Tuesday, September 9, 2008
Kids these days are always bored, and my 5-year-old boy is no exception. Over the weekend he said he was “tired of the games we usually play” and that he “wanted more action.”
I suggested we play Army.
My younger brother and I used to love playing Army with our friends when we were kids. We’d pick sides, then go down to the creek -- our war ground -- and we’d battle it out to be the last man standing in a full scale war like the ones we frequently watched on TV.
So when my son said he wanted more action, I took him to some nearby fields and we set up to play Army.
Aside from always being bored, kids these days have no patience. My son is no exception. Setting up to play Army is a lengthy process. My son had no patience for that kind of length.
“Come on, Dad,” my son bellyached. “I want action.”
“And action you’ll get if you’re patient,” I said as I dug foxholes into the ground.
“I’m having patience, but I just wanna play,” the boy said.
While my son was impatiently being patient, I finished the foxholes and then moved on to build a holding area where the medic could help wounded soldiers.
In case I forgot, my boy reminded me that he wanted action. I told him to relax -- again. Then I told him we had to have a place for patients.
“But I have patience, Dad,” he said.
“Not patience,” I replied. “Patients -- wounded soldiers.” My son let me know that my five-second definition of “patients” was “borrrrr-ing.”
Since when was “5 years old” the new “13?”
Eventually, we were ready for action. The battlefield was set. The enemy was somewhere beyond the trees. And my son and I were in a foxhole ready for war. All was quiet -- until my boy asked when the action would begin.
The enemy fired the first shot. My son and I returned the fire. Bullets were whizzing back and forth.
A grenade dropped into our foxhole, and we had to evacuate or die. I took the lead, and we jumped into a foxhole to our right. But the enemy was moving in on us -- and fast. My son and I couldn’t sidestep the enemy or sooner than later they’d be on top of us.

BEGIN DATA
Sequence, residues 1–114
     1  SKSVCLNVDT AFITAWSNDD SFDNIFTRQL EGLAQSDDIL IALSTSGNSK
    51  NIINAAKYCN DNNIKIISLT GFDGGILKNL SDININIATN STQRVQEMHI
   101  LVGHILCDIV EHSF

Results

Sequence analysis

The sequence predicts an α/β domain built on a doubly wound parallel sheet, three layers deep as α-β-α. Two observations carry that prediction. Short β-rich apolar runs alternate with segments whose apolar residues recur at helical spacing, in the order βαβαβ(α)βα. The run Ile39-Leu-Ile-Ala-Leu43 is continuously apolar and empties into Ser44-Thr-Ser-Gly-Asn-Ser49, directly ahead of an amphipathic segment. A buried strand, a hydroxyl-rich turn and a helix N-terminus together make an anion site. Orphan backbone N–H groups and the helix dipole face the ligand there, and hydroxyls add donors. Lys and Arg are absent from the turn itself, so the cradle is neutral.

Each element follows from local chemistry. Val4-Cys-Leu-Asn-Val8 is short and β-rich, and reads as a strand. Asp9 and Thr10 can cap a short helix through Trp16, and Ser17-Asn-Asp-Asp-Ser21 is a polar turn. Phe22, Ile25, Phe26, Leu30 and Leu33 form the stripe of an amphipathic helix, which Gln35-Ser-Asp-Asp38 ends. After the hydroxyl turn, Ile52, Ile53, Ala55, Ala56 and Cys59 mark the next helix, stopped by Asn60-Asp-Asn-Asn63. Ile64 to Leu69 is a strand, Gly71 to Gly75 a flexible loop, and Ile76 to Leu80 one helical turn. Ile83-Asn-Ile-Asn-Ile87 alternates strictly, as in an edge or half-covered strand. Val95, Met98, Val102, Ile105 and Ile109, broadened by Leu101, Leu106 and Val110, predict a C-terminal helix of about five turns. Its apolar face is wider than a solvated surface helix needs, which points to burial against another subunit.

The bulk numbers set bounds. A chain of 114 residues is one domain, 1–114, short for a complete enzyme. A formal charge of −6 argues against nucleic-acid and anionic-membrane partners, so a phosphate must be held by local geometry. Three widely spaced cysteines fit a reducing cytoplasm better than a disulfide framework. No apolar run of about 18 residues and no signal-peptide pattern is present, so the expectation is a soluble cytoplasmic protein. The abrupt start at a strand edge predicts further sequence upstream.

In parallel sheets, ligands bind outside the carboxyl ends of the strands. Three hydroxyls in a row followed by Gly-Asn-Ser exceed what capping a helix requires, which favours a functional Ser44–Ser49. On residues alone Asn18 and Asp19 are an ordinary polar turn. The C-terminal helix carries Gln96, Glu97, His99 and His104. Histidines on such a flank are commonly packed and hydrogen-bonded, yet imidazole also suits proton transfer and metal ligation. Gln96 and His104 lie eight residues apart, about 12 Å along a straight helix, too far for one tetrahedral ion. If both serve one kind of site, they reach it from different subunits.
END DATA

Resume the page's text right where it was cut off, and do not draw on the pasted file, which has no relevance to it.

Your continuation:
I had a plan to sneak around the opposition and attack from behind. The plan involved running through a small stream, which I knew my son would appreciate because what boy doesn’t love running through standing water? Then we’d have to slide into a mound of dirt, which, mixed with the water from the stream, would create that muddy mess that mothers hate but boys adore.
My son enjoyed every second of the plan carried out -- until our sneak attack on the enemy backfired and we tripped over some large tree roots in the ground and fell down the side of a cliff the size of a small skyscraper.
At first, I didn’t think I was hurt, and it didn’t sound like my son was in pain either. But once the dust cleared from our fall, I could see that my boy was a bloody mess.
As I tried to stand up to walk over to my kid, I found that the use of my legs would’ve been helpful. I fell flat on my face and cracked three teeth. My limbs felt like Silly Putty, and I was unable to reach my son who was in serous pain. Worse, there was nobody around to help.
My son was screaming, and he was losing blood as fast as bath water drains from a tub. He wanted action, and he got it.
As my boy stared at the massive gash down the right side of his body, he laughed with joy. That’s when my wife called to tell us dinner was ready.
So my son and I gathered up our toy soldiers, even the two injured ones that fell off the cliff, and we headed home.
After dinner, my soldier and my son’s soldier -- the ones that had fallen off the cliff -- died in their sleep. We put them to rest in tin Altoid breath mint boxes, and we buried them in the backyard. I played “Taps” on my harmonica. It was a moving moment.